What follows afterward is Christopher Nolan's "How to traverse a Streamlined Subconscious 101 during a botched mission" with a combination of your typical action/adventure summer fare. And such a description is not to say that the film was terrible. On the contrary, it was a very composed film and did it's job well. However, in concerns to the dream scape universe presented in the film, I'm afraid that was far too simple and not at all like a dream. While Inception's initial (and obvious) inspiration may have come from "The Matrix (1999)" --- a film that does a superb job of playing with the themes of dreams vs. reality and bending said reality ---, it truly fails on that level to capture the same sort of surreal atmosphere. Dreams are nonsensical and jagged at best and therefore, cannot be as normal as they were presented in this film. But I suppose for the sake of coherency, it had to be. And while the idea is hinted a lot at in the film, there is never a moment in the film where the characters ever question their reality (outside of that one sequence with Ellen Page in the beginning), whether or not they are dreaming, it's just mentioned alot.
That aside, a lot of people have said "You'll need to see this film a couple times to truly understand it" and that's simply not the case (at least not for me anyways). As mentioned before, this is one of Nolan's simpler films. It doesn't mean to surprise like Batman Begins or The Prestige did in 2005 and 2006, but it does test your level of patience and dedication to it's storyline with it's length, much like The Dark Knight did in 2008. This film, like TDK, is a half-hour too long and really needed to be trimmed down.
Another downside is that, while the performances in the film were great, a few of the characters are, perhaps, too monotone for their good. With the exceptions of Ellen Page's Ariadne (who, next to Joseph Gordon Levitt, is the highlight of the film with her everyman character), Tom Hardy's Eames (who's character can be characterized as that "smart-arse Brit with a mind for deception, 'Sherlock Holmes'-esque disguises, a taste gambling and fast women") and Cillian Murphy and Dileep Rao, who's characters are as human as they can be in a Nolan film, actors like DiCaprio, Watanabe, Levitt and Marion Cotillard (who plays Mal) have characters that could easily be exchanged between them because their devoid of any real personality outside of "serious business" (welll, maybe not Cotillard).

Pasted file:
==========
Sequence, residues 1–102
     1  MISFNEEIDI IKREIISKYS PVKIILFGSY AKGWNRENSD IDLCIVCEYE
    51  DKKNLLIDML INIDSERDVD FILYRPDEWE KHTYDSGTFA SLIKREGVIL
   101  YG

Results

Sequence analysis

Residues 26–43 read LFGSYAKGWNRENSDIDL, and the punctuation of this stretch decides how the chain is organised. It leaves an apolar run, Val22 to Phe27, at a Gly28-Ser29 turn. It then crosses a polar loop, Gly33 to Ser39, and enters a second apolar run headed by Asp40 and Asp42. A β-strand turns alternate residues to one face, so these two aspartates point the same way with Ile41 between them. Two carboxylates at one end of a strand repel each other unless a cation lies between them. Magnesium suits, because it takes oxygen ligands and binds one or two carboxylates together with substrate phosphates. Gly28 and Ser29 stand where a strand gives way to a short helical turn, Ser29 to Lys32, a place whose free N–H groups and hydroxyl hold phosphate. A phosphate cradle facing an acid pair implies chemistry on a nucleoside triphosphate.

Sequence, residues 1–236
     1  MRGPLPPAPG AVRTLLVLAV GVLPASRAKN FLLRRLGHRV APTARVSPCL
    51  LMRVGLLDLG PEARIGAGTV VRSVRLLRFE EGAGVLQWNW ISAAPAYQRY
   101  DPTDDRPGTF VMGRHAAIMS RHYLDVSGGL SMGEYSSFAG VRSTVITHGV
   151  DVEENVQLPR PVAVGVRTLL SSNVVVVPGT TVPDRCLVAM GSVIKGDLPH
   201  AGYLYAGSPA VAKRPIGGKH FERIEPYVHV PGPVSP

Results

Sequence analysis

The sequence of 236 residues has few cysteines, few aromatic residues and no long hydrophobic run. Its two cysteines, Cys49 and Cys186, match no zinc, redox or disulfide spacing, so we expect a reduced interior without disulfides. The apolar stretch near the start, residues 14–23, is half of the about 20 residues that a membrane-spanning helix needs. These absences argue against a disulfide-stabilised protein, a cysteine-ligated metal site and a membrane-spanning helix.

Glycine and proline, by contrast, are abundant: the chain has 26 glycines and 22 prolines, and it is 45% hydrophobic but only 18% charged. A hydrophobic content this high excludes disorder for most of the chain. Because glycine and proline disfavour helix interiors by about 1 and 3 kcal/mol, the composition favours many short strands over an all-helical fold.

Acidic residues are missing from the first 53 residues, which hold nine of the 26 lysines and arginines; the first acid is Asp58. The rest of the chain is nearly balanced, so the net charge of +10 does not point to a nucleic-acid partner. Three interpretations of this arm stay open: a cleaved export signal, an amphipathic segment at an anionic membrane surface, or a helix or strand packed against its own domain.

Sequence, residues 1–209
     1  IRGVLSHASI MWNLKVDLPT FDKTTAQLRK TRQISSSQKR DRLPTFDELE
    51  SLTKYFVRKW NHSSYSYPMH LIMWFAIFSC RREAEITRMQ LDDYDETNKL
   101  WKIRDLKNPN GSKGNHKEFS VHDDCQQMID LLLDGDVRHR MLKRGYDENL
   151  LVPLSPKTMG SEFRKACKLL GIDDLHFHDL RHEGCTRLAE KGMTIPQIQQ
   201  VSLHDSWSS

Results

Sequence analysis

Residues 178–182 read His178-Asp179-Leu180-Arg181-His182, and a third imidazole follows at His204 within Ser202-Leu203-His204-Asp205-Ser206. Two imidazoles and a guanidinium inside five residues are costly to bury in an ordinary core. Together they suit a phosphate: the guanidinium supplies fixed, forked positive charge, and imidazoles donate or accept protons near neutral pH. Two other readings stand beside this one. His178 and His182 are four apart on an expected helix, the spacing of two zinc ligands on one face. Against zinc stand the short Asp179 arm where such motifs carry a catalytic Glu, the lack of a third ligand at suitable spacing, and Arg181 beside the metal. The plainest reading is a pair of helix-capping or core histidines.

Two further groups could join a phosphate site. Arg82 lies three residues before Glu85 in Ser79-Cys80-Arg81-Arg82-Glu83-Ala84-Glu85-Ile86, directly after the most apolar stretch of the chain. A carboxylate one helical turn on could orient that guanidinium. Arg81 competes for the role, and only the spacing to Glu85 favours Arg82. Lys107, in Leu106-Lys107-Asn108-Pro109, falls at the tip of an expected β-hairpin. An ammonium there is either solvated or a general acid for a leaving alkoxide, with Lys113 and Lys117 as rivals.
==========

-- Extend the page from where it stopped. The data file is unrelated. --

DiCaprio's Dominic is simply defined by the loss of his wife and the need to return home to his children, outside of that there isn't much to him beyond that broodish facade. It pulls on the heartstrings to be sure, but it's not a character I became particularity attached to or concerned about. Levitt's Arthur, as smooth and likable as he is, is just another straight-faced character, brilliantly realized within the context of his ability to act with so little and one of the best action sequences I've seen in a long time (he also steals every sequence he appears in).
The special effects waver between rather telling (folding the city on top of itself, the limbo level) and near seamless, action sequences are gripping and brilliantly choreographed (The Zero-Gravity fight on the second dream level). Hans Zimmer's score, while not his best in the least, takes a cue from Sherlock Holmes (with a touch of Call of Duty: Modern Warfare 2 See: "Mombasa") and manages to be both different from his usual soundtrack and suits the atmosphere of the film as well.
Overall, I loved the ideas and most of the execution presented in this film. Inception manages to be somewhat original with it's premise and will without a doubt dazzle audiences for its two and half hour stay on the Silver Screen. --- [A 4 out of 5]